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Boeing's Starliner Successfully Launches to the International Space Station

After a decade of work and months of delays, Starliner is in orbit!

By Cassidy Ward

All space travel is inherently dangerous, but there’s a special kind of tension that accompanies inaugural flights. It’s always a little bit spooky being the first to do anything, and we suspect flying a spaceship isn’t any different. In 1999, fictional astronaut John Crichton piloted the Farscape-1 on its first flight and accidentally ended up on the other side of the galaxy. Fortunately for the real-world crew of Boeing’s Starliner, its first crewed launch went off without a hitch (once it finally happened).

Veteran astronauts Suni Williams and Butch Wilmore arrived at Cape Canaveral at the end of April to wait for their ride into space. A planned launch on May 6, 2024, was scrubbed two hours before go time when engineers found a problem with a valve in the second stage. Another launch on June 1 was scrubbed just four minutes before takeoff, when one of the automated computer systems triggered an automatic hold. The problem was traced to a ground power supply in the computer, which was repaired. But after a decade of work and a parade of delays, Starliner and her crew are finally off the ground and safely in orbit.

For More on Space Exploration:
SpaceX's Private Polaris Program Aims for First All-Civilian Space Walk
How NASA Fixed Voyager 1 from 15 Billion Miles Away
NASA's Next-Gen Spacecraft Test Will Soar Through Space with an 800-Square-Foot Solar Sail

Starliner Becomes the Second Crewed Commercial Spacecraft to Carry Astronauts to the ISS

Starliner launched aboard an Atlas V rocket at 10:52 Wednesday morning, kicking off the final certification for Boeing’s crewed Starliner capsule. Boeing received funding for the ship as part of NASA’s Commercial Crew Program, the same program which provided funding for SpaceX’s Crew Dragon.

“Two bold NASA astronauts are well on their way on this historic first test flight of a brand-new spacecraft,” said NASA Administrator Bill Nelson, in a statement. “Boeing’s Starliner marks a new chapter of American exploration. Human spaceflight is a daring task – but that’s why it’s worth doing. It’s an exciting time for NASA, our commercial partners, and the future of exploration. Go Starliner, Go Butch and Suni!”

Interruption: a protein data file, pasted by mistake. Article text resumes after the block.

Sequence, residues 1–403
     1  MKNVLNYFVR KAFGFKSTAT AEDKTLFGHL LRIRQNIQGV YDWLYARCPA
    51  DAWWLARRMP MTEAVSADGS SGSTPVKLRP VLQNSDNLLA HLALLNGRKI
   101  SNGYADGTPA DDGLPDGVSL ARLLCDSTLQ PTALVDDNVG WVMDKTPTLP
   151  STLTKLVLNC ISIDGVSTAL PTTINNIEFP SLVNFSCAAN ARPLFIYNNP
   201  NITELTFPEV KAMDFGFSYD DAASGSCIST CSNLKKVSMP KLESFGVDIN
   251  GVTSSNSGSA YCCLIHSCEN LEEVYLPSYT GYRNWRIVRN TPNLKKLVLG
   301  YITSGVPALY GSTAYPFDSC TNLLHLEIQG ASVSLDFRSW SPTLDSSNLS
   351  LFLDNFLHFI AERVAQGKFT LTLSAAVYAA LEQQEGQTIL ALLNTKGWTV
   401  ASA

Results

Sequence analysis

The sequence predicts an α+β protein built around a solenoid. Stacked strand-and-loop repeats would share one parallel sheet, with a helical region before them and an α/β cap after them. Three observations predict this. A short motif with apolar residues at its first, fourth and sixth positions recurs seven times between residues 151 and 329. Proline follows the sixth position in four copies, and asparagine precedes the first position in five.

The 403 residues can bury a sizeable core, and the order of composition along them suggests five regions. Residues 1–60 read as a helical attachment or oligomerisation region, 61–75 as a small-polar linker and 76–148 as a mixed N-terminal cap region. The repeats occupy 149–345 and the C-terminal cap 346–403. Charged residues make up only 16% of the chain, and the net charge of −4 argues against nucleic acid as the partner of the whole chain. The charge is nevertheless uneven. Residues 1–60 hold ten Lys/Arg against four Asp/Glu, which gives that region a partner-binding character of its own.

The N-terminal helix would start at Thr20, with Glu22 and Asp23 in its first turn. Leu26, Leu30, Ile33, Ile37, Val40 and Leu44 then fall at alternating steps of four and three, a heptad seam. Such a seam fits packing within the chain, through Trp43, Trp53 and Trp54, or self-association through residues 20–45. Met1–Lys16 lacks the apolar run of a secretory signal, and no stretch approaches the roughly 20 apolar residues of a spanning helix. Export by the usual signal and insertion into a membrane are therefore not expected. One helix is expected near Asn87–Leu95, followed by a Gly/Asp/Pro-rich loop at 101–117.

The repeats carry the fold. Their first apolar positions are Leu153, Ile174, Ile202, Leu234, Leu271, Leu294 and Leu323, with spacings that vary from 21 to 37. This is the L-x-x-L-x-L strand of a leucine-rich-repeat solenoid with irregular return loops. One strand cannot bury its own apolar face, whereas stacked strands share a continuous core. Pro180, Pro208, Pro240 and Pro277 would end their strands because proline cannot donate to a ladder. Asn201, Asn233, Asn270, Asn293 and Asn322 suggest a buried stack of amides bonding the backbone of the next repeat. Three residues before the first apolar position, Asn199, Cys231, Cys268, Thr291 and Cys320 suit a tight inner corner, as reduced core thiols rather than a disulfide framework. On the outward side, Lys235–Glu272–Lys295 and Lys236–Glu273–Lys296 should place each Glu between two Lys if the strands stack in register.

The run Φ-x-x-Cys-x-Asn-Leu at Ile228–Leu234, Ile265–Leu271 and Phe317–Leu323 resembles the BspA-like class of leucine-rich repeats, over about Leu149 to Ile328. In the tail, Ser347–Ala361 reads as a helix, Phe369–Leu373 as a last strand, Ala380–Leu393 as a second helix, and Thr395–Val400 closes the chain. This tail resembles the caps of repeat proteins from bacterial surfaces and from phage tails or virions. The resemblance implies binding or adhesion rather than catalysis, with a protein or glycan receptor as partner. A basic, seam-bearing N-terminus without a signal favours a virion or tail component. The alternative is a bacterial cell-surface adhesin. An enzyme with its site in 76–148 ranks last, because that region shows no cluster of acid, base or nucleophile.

With a successful launch, Starliner becomes the sixth crewed spacecraft in U.S. history, adding its name to a list that includes Mercury, Gemini, Apollo, the Space Shuttle, and Crew Dragon. Now in orbit, the craft will spend just over a day catching up to and docking with the International Space Station.

Boeing’s Starliner spacecraft approaches the International Space Station

Once there, things will be a little crowded. The station usually has a maximum capacity of seven, but when Williams and Wilmore get there, they’ll bring the total to nine. The duo will spend eight days on the station, testing the spacecraft before returning home. Starliner is also carrying crucial station components including a replacement part for the water purification system. Right now, our intrepid international space explorers are storing urine in containers, CNN reports.

At about noon Eastern time on Thursday, June 6, 2024, Starliner will dock to the forward-facing port of the station’s Harmony module. NASA will provide arrival coverage beginning at 9:30 ET on the agency’s website and YouTube channel. Docking is targeted for 12:15 P.M. and hatch opening at 2:00 P.M., followed by welcome remarks and a post-docking news conference. Assuming the mission continues as planned, they’ll return to Earth in the same capsule eight days later, having certified the spacecraft’s systems and subsystems. After completing final certification, Starliner will join Crew Dragon in rotational missions to the station.

A few years ago, the United States had no domestic crewed launch capability, following the end of the Space Shuttle program, now we’re on the cusp of having our choice of rides.

Venture into space yourself, in Farscape, streaming now on Peacock.